It may sound somewhat on the dreary side, but Ford also made a few other changes to enhance the overall driving experience. The ST Line features thicker anti-roll bars, a 10mm drop in ride height and stiffer suspension bushes. The spring and damper rates were also adjusted, but the cherry on top is the calibration of the electric power steering. The added weight adds an admittedly artificial feeling of “sportiness,” but it works so we’ll let it slide.
Sportscar with an SUV body?
Another no, but does it actually have to be? There’s minimal body roll through the corners and it has loads of grip thanks to the all-wheel drive system, but it’s far from being a sportscar. It lacks the noise, drama and inherent naughtiness of something sporty, though you can get it to misbehave if you really want to.
If its sportiness you crave, we’d recommend going for a sedan as neither this nor its direct competitors can honestly claim to be sporty.
Is it any good as an SUV?
When we first drove the Kuga a few years ago, we remember it being at the top of its class. A lot of time has passed since then and unfortunately, the Kuga is starting to show its age. The Tiguan moved the game on a bit, not to mention the all-new RAV4 launched last year.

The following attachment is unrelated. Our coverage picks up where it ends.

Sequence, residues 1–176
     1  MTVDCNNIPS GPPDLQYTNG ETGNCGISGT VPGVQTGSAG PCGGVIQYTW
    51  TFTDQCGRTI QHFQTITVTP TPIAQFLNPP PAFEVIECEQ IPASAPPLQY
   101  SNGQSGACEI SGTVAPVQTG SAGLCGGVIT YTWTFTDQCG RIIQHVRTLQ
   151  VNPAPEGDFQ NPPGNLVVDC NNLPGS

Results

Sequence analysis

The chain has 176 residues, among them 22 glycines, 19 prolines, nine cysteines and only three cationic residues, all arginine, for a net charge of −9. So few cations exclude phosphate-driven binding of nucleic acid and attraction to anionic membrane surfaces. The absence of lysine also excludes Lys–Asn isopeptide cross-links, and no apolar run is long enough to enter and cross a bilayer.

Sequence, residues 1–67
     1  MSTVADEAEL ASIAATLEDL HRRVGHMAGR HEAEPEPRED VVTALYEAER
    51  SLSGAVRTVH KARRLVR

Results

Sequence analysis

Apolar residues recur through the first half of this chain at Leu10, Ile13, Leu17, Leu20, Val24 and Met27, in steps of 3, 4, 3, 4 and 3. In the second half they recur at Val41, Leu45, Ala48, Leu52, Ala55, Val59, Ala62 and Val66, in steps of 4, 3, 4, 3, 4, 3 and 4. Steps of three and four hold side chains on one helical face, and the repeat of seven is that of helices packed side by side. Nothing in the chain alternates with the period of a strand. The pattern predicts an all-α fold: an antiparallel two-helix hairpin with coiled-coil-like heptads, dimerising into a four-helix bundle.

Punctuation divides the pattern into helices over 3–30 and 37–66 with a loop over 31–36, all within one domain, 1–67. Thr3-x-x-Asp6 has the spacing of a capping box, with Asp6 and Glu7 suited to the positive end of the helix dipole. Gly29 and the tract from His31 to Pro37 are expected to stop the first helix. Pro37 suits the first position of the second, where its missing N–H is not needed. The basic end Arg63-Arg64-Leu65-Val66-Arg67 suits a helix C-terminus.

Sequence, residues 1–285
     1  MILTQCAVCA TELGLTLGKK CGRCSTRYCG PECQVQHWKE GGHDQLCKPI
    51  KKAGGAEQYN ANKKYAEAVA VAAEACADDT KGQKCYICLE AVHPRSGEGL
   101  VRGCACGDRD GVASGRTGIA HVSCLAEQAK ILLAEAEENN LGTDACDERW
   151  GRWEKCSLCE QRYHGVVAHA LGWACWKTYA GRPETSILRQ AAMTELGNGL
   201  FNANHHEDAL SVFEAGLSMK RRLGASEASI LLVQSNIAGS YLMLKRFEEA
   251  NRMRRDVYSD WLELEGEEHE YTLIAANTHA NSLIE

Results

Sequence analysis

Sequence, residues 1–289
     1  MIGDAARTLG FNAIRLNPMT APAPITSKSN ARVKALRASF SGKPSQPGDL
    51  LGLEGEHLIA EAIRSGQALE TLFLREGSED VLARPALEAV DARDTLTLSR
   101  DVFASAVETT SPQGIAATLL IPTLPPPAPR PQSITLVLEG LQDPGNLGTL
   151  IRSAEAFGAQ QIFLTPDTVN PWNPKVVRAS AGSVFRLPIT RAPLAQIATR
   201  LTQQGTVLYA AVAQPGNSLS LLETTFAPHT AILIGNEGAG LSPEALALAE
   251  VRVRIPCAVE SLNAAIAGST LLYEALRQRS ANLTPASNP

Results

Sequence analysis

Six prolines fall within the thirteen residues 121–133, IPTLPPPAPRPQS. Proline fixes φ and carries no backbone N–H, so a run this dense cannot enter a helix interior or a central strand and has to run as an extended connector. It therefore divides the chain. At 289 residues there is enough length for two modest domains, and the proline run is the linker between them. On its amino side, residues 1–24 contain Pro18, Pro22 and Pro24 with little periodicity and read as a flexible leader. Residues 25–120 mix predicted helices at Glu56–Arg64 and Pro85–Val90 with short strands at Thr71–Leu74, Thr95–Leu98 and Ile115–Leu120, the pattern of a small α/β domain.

Having said that, the Kuga has been kept up to date, so it’s not lacking as far as standard equipment, space and comfort are concerned.
All the latest kit, including some pretty impressive safety features, are included as standard.
There are certain parts of the interior that seem below par quality-wise, but we like the added styling bits you get in the ST Line. The contrast stitching on the seats are nice and the red stitching on the steering wheel works very well.
The amount of space remains on par in the segment, but the driver’s seating position is odd. It harks back to the days where you felt like you’re sitting on the car, rather than nestled in it. If we’re being brutally honest, it feels oddly similar to driving one of Ford’s Transit vans.
Any gravel travel allowed?
Surprisingly, the ST Line actually excels in this department, even though our test unit was fitted with the optional 19-inch alloy wheels. We wouldn’t tackle any 4×4 trails in the Kuga, but it’s perfectly happy on a corrugated gravel road at 80km/h.
The Kuga ST Line is not as engaging as we would have hoped, but as stated near the beginning, Ford was very clear that this isn’t a full-on ST model.
As a sort of sportier, yet still massively convenient SUV, it works really well and it undercuts its two direct rivals – the Tiguan 2.0TFSI and the Tucson Sport.
Our only real gripe is the fuel consumption, which is on the high side. This particular model has no problem gulping through its tank in 400km, but luckily there is a remedy. Ford also offers the ST Line with a diesel engine, which might be a better fit. Since the petrol doesn’t offer any real audible pleasure, one might want to investigate the diesel that’s nearly as powerful and undoubtedly more fuel-efficient.
Price: R569 800